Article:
Ashchhe Bochhor Abaar Hobe

Written by  //  October 18, 2010  //  Philosophy, Religion, Culture  //  4 Comments

This year, fate, a roommate’s wedding and the Oxford timetable conspired to ensure that I celebrated Durga Puja in London. Being the quintessential Kolkata pandal-hopper, I was unhappy by this turn of events, accentuated by the unwelcome prospect of spending my five favourite days of the year engulfed by Gen- X BBCDs and their strange, incomprehensible Bengali-British accents. To allay this dampening development somewhat, I decided to volunteer at a nearby pandal, hoping against hope that by cutting fruits to be offered as prasad and serving the khichuri prepared as bhog, I would feel festive, despite being far away from where I wanted to be.  And as it turns out, it was the best five days I’ve had in a really long time.

Three reasons made this Durga Puja truly special: The sheer joy of volunteering, the exhilaration of pandal hopping in London and the endless entertainment provided by Bengalis dealing with each other.  In Kolkata, I’d never volunteered for anything during Durga Puja; I was too busy preparing lists of places to visit, scouring the lists of awards to see who had won the Asian Paints “Sharad Shamman”, roaming the streets of North Kolkata on my annual expedition to that Great Unknown, dashing off to the nearby South Kolkata pandals, to get in before the crowds did and generally having a “pandal-hop till I drop” five days. In London however, my Shashthi was spent decorating the Goddess and her children, ensuring the right weapons were in the right hands, and that the town hall was in readiness for its five days of annual oriental glory. Saptami and Ashtami came with their demands of serving bhog to thousands of visitors who thronged the hall. It was an elaborate enterprise, trying to squeeze in the khichuri, labra, papad and mishti into a packet too-small-by-half, ensuring there was no inequity in my delineation of portions while at the same time attempting to satisfy thousands of diverse and sometimes inane requests, most notably for more food to satiate the near-insatiable Bengali appetite for khichuri at a Pujo Pandal.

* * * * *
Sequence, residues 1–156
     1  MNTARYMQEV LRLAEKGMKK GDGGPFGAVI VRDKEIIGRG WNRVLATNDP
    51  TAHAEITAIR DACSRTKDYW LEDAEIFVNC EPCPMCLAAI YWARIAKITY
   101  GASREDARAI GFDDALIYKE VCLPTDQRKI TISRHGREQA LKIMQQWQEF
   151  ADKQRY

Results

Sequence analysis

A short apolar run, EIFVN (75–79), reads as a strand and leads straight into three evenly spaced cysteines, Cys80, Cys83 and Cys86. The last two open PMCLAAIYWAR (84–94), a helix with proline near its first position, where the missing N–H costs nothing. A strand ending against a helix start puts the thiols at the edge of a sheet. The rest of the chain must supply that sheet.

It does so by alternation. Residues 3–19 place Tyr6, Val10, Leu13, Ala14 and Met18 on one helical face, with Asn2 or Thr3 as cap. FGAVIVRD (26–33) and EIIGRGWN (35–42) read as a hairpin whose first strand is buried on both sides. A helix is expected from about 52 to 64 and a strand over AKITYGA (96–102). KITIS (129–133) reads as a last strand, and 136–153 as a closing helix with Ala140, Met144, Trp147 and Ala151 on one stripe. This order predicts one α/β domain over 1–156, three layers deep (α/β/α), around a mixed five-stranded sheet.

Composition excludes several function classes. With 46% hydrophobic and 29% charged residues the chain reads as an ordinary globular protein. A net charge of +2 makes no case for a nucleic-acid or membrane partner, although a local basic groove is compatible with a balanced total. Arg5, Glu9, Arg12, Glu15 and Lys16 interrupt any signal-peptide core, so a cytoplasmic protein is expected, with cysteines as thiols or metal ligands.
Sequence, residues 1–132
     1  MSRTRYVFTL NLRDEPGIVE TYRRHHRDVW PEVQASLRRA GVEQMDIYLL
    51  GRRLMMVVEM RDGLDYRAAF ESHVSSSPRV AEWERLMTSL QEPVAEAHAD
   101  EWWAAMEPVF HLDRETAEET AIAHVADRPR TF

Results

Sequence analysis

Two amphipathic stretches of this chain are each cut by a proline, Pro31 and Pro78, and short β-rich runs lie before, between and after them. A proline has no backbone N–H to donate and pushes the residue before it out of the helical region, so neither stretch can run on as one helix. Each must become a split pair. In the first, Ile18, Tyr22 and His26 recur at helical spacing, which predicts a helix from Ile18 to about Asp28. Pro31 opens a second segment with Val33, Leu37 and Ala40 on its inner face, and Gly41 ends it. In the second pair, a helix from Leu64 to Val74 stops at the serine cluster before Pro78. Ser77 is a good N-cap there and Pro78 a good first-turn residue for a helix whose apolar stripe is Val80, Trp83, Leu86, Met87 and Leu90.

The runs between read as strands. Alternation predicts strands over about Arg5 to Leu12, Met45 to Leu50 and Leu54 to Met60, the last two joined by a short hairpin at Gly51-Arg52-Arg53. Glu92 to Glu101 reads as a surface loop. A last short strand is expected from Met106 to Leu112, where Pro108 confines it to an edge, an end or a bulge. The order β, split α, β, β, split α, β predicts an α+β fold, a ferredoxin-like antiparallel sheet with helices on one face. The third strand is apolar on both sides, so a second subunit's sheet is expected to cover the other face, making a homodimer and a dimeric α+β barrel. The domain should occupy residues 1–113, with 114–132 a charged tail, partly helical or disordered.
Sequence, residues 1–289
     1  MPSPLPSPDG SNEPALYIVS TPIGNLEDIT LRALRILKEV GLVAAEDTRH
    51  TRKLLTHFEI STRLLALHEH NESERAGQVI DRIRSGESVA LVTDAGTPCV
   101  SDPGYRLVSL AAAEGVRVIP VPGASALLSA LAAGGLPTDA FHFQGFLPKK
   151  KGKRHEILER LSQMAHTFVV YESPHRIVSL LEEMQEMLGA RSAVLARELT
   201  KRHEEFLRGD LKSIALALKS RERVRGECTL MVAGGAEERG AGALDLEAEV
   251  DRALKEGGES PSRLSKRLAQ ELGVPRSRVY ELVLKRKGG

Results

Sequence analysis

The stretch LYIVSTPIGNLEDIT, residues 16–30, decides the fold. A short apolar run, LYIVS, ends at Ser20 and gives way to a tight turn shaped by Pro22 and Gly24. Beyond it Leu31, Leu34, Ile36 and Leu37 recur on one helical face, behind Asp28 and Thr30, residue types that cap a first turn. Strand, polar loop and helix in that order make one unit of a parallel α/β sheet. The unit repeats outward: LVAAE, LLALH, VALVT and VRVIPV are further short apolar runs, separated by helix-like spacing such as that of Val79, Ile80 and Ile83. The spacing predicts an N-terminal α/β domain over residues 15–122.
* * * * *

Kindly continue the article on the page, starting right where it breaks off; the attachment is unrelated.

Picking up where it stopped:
Nabami however was different and it was my day out. And what a day it was! From Ilford in the East to Ealing in the West, Harrow in the North to Tooting in the South, we conquered London in a manner Hitler could only ever have dreamed of. With a diligent driver at the wheel, whose sheer love of driving had to be seen to be believed (8 hours and 80 miles in crawling City traffic and not the slightest sign of exhaustion!!) a prosperous lawyer friend providing the Blackberry with its indispensable, in-built GPS, a skilled navigator with a penchant for short cuts that sometimes backfired spectacularly (yours truly) and two women who provided the most outstanding moral support possible (whenever you looked they were there to help, not doing much, but there), we traipsed through the tree-lined side-streets of London on a beautiful, sun-soaked Saturday from puja to puja, khichuri to khichuri, Bengalis to more Bengalis.